Thursday, November 1, 2012

NaNoWriMo Day 1


I have 357 words so far.  I've taken a third person omniscient perspective so far, which surprises me, but maybe after a day of teaching followed by students in my room at lunch, an evaluation post-observation conference, and students in my room after school, squeezing in 357 words isn't half bad before picking up the kids by 4:00.  It was fun, anyway.

I'm completely exhausted by Halloween this year.  (Photos... coming soon.  I want to blog about each of our costumes a little.)  Last year, working on National Boards, I bought both of the kids their costumes, and I didn't dress up, and neither did Rich.  This year, we made all three costumes (Rich was in Phoenix).  And then, Tuesday night after my two doctors' appointments and a book club meeting, the kids insisted we hadn't carved pumpkins AGH!  So we did that on Tuesday.  Then I finished costumes until 11:45.

Making the costumes together was so much fun, though, and they turned out awesome.  Well, mine (Athena) and G's(Steamboat Willie) were awesome, L's (princess vampire) was fantastical... wild... out of control.  A bit like Bertha Rochester from Jane Eyre, or at least how I imagine her to be.  It did not turn out the right profile/ silhouette, but she did look pretty awesome walking down the street at night with yards of poorly-tailored tulle and organza streaming behind her.

Turns out our new neighborhood is a pretty sweet trick-or-treat spot compared to what I would have guessed.

Today I woke up with a sore throat, and then read Stephen King for three hours out loud to my juniors.  and then the remainder went as above.  I'm pooped.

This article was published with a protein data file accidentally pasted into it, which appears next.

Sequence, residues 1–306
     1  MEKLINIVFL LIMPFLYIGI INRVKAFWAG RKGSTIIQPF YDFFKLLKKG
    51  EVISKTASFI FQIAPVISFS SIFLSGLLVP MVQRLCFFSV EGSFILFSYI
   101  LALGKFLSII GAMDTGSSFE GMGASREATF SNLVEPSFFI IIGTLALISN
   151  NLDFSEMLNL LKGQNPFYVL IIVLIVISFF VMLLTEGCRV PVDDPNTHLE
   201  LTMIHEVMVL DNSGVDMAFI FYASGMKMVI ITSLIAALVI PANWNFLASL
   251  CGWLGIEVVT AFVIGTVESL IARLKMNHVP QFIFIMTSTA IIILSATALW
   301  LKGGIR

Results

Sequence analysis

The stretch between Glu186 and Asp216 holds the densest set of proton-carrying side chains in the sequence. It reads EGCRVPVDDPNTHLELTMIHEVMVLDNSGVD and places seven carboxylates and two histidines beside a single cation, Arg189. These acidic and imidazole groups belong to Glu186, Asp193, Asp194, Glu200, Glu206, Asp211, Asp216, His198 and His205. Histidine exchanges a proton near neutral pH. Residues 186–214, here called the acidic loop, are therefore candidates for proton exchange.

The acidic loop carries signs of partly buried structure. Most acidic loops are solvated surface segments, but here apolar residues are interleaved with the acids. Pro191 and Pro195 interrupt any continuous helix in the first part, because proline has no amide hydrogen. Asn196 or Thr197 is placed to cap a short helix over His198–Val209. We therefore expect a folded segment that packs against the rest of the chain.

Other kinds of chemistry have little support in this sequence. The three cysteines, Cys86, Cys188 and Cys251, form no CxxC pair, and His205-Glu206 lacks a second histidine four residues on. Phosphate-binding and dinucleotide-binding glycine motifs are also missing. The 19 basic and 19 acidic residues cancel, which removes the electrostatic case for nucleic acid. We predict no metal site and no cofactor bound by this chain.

Oh, and G needs a Civil War sailor uniform for his book report tomorrow.  He has to speak from the perspective of the narrator in Avi's Iron Thunder, a character who, as a young teenager, sails and fights on the Monitor.  Pretty cool... better get to it.


I added this photo, obviously, later that evening...


  1. I think I'd like to be a kid again, but I'd be a different kind of kid than I actually was. How cool it would be to absorb myself in a book like G's Avi book and pretend to be someone I am not for a day. Or even a few minutes. We need more such projects for our HS students, but we need to be able to indulge ourselves in such pursuits, too. I just wish there were enough time not only to create, administer, and grade all we do with our students, but also to sit down beside them and dig into the projects with them and create our own. I want to be a Civil War sailor, too. /whimper

    1. p.s. check out the post again. I added a photo.

  2. Me, too. I got to feel a little of that last year writing NaNoWriMo alongside my students. It's what motivates me to try to do it again this year alongside them. Ken Robinson's book really gave me a language to explain/justify why these types of wide open, free projects ARE important for our students and for us as educators, for me as a parent, too. I am trying to do more of creating a culture of creativity-- and NaNoWriMo (and the Greek Mixer, and the other kinds of projects you are talking about) help to do that. NaNoWriMo provides a wealth of generative strategies and imaginative immersions. :) "Generative strategy." I like it.


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